While the office building is a well performing asset, (and a heritage structure) it’s the opportunity to add a residential tower to the other side of the site that prompted their purchase. That tower has been designed by German architect Ole Scheeren, probably best known for his China Central Television Headquarters in Beijing when he was with Rem Koolhaas at OMA.
Last June 235 condos were proposed in a 51 storey structure (shown on the left). Now there’s a rezoning application for the revised version which will have 219 condos in 43 storeys, to fit under the viewcone across the site. The developers either hadn’t read the West End Plan that allowed them to design a higher building here in the first place – or hoped their design would somehow allow them to ignore it. “Building heights should not exceed view corridor limits (except Queen Elizabeth View Corridor where consistent with the General Policy for Higher Buildings).”
The project also has revised designs for the existing water feature, which is relatively unchanged (compared to the first iteration of the project), and a different design of the base which doesn’t have a theatre proposed in a prominent box. The fancy energy arrangements powering the lower floors from the upper parts of the tower may still be part of the overall scheme.
Another piece in the South East False Creek patchwork of sites is just about completed. It’s another Onni project for a site that has a frontage to both Quebec Street and Main Street (addressed as 1699 Main), two sites south of Onni’s Central and one past Bosa’s Lido.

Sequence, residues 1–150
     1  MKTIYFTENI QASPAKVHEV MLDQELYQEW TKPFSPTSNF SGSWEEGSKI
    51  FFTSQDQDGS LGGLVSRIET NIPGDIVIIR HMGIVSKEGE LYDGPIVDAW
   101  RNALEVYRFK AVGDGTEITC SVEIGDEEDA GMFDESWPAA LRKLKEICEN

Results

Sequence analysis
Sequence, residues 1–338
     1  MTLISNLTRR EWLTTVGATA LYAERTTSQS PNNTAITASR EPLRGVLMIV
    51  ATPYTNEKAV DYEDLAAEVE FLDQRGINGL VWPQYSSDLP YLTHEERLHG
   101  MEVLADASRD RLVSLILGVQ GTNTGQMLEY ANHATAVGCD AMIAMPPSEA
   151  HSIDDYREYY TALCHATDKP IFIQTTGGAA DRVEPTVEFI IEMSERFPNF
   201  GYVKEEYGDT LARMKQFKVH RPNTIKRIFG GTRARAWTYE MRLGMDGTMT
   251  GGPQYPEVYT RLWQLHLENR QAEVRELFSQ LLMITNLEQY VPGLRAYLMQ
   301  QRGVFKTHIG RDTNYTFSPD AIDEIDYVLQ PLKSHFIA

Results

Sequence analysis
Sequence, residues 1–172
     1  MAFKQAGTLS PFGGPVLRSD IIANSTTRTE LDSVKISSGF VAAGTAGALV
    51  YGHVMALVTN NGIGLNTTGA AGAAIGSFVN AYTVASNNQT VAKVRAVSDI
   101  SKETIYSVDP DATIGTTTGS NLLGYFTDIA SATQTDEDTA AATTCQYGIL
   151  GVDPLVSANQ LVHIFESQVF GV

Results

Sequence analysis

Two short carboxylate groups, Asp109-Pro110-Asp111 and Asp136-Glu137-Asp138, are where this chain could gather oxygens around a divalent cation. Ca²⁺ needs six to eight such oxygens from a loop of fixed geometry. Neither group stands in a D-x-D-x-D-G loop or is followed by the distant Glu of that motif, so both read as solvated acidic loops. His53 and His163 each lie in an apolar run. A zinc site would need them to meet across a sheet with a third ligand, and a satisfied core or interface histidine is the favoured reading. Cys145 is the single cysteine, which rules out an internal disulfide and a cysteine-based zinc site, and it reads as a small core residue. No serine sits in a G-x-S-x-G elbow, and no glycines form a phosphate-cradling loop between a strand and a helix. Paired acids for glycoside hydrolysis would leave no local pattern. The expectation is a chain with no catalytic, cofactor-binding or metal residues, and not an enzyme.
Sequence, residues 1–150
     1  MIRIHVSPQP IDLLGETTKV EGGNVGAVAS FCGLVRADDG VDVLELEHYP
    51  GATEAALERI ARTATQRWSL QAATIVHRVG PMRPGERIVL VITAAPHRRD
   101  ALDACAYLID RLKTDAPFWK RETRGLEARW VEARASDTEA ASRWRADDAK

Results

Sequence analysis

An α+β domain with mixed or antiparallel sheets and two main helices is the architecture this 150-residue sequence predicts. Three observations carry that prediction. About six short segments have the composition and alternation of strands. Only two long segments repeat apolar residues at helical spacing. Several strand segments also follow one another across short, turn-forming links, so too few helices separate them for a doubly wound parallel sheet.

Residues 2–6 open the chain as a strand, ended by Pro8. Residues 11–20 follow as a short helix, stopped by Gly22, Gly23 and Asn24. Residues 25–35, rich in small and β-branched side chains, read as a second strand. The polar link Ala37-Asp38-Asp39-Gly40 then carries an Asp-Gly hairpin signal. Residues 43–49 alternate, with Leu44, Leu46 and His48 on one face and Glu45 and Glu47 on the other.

It had a long design history: it just went to the Urban Design Panel for its fourth review (where it got unanimous support) – not because it’s really bad, but rather because it started life as a proposal by a different developer six years ago. Beedie originally hired Chris Dikeakos Architecture to design it, and started selling it as ‘Q1’ (corner of Quebec and First Ave – geddit?). After the brief property meltdown in 2008 Onni acquired the site, and retained the same architect, but changed the design. As see first in this 2012 model, it has 15 storeys and 231 units with retail in the 10-storey block – although probably not a replacement for the Burger King that was last on the site. There’s a bit more planting to be added along 1st Avenue – otherwise it looks like a very faithful delivery of the promised design.
Onni are close to completing their artists live/work project on Great Northern Way called Canvas. Now they’ve submitted a four building development application for a site close by, part of the University Campus rezoning.
Strangely, the City of Vancouver haven’t posted any renderings of the four buildings – two 13 and 15 storey live-work buildings with retail at grade and a total of 220 units, a 15 storey hotel with 199 rooms and a 7 storey office building. We’ve posted the render of the south elevation of the live-work buildings that would front E 1st. We’ve also added the image on the rezoning notice, that makes more sense of the design rationale offered by the architects, IBI, citing colours from Rubik’s cube and references digital art like Douglas Coupland’s digital orca (at the Convention Centre). It won’t end up looking exactly like this as the Urban Design Panel didn’t support this initial design.